Uncharted 4 is excellent, and to be perfectly honest, would be a great game even without its captivating narrative. The introduction of the rope to game-play, as well as some ante upping on stealth mode are wonderful additions. The game is perfectly paced. The intensity ramps up higher and higher as the story continues. Firefights are much rarer than past installments, and very unique. This game-play variety surprisingly adds a lot to the story. Nate no longer feels like an unstoppable killing machine, but more like an aging man, past his prime, simply doing his best.
Of course, without the story, Uncharted would just be…well.., it wouldn’t be AS amazing. But the cinematic plot does not disappoint. It incorporates flashbacks, without using them as a crutch, and unlike past games the plot progression continues even after the cut-scenes end. Those long walks through a path, awkward climbs up rustic buildings, and in this games case, drives through the desert now host interesting conversation rather than mindless, albeit often hilarious banter.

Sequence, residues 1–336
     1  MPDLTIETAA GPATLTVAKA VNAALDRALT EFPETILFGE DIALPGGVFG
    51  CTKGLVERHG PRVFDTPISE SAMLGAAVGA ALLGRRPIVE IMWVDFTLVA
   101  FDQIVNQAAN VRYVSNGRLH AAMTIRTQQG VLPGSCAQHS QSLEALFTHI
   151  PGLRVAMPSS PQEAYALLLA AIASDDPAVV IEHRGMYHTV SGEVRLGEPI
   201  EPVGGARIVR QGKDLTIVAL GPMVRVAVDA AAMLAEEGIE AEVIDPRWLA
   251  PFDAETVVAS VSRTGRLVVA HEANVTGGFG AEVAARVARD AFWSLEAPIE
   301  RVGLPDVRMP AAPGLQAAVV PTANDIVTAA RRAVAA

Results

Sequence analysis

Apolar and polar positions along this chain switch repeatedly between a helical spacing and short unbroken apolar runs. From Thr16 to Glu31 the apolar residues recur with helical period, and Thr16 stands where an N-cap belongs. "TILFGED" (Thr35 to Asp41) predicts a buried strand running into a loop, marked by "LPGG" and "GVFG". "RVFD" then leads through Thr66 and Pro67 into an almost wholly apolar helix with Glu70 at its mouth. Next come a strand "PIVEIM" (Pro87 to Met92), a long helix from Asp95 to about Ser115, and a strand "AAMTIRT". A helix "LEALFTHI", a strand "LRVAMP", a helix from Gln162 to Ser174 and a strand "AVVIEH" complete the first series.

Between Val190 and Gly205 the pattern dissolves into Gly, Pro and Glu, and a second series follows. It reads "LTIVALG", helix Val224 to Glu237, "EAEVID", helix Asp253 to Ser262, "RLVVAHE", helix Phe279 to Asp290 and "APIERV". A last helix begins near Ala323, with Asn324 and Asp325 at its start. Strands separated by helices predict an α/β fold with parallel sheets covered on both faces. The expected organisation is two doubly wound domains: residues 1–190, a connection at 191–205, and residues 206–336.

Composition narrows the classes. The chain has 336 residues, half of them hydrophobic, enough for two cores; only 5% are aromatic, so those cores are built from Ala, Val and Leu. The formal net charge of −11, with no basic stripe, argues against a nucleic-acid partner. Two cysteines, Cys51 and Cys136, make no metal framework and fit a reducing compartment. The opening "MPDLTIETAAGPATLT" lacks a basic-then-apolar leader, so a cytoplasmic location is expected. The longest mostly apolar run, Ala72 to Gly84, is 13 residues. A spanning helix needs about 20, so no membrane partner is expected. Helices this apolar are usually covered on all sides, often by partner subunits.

The set-pieces in the game are equally amazing. The breathtaking landscapes sometimes prompt a few minutes of inactivity where the player just stares at Naughty Dog’s meticulous attention to detail. And with the new photo mode, this is even more magnificent.
Reportedly, this is to be the last game in the Uncharted franchise. Prior to playing this game, I was disappointed. “I hope its good” I thought, resolving to spend my last few weeks with Nathan Drake and CO. as well as possible, relishing every moment. But A thieves end is different. It does something next to impossible for a gamer. It satisfies. That desire for more that the player felt after uncharted one, two, and three, is totally absent. I may never see Nathan Drake again, and I’m okay with that. From brutal brawls, to death-defying leaps; wide open mountains, to claustrophobic caves, this game is practically perfect in every away.